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BJOG. 2006 Apr;113(4):369-78.

Accuracy of serum uric acid in predicting complications of pre-eclampsia: a systematic review.

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Academic Unit of Obstetrics and Gynaecology, Maternity Block, University Hospital of North Staffordshire, Stoke-on-Trent, UK.



Pre-eclampsia is one of the largest causes of maternal and fetal mortality and morbidity. Hyperuricemia is often associated with pre-eclampsia.


To determine the accuracy with which serum uric acid predicts maternal and fetal complications in women with pre-eclampsia.


Systematic quantitative review of test accuracy studies.


We conducted electronic searches in MEDLINE (1951-2004), EMBASE (1980-2004), the Cochrane Library (2004:4) and the MEDION database to identify relevant articles. A hand-search of selected specialist journals and reference lists of articles obtained was then carried out. There were no language restrictions for any of these searches.


Two reviewers independently selected the articles in which the accuracy of serum uric acid was evaluated to predict maternal and fetal complications of pre-eclampsia.


Data were extracted on study characteristics, quality and accuracy to construct 2 x 2 tables with maternal and fetal complications as reference standard. Summary likelihood ratios for positive (LR+) and negative LR(-) test results are generated for various threshold levels of uric acid.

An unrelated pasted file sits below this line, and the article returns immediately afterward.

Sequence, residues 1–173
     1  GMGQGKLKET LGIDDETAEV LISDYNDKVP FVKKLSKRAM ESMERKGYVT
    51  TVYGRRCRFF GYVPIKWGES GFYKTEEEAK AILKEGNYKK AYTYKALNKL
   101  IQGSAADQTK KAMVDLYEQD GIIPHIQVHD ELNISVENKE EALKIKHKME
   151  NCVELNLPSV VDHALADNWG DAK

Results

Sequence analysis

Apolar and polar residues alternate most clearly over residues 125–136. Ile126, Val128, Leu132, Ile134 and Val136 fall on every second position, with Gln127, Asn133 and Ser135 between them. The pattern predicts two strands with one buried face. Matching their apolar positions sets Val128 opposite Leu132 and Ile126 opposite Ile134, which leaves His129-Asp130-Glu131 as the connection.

There were 18 primary articles that met the selection criteria, including a total of 3913 women and forty-one 2 x 2 tables. In women with pre-eclampsia, a positive test result of uric acid greater than or equal to a 350-micromol/l threshold predicted eclampsia with a pooled likelihood ratio (LR) of 2.1 (95% CI 1.4-3.5), while a negative test result had a pooled LR of 0.38 (95% CI 0.18-0.81). For severe hypertension as the outcome measure, the LRs were 1.7 (95% CI 1.3-2.2) and 0.49 (95% CI 0.38-0.64) for positive and negative test results, respectively, and for caesarean section the LRs were 2.4 (95% CI 1.3-4.7) and 0.39 (95% CI 0.20-0.76). For stillbirths and neonatal deaths the respective LRs were 1.5 (95% CI 0.91-2.6) and 0.51 (95% CI 0.20-1.3). For the prediction of small-for-gestational-age fetus, the pooled LRs were 1.3 (95% CI 1.1-1.7) and 0.60 (95% CI 0.43-0.83) for positive and negative results, respectively. AUTHOR'S CONCLUSION: Serum uric acid is a poor predictor of maternal and fetal complications in women with pre-eclampsia.

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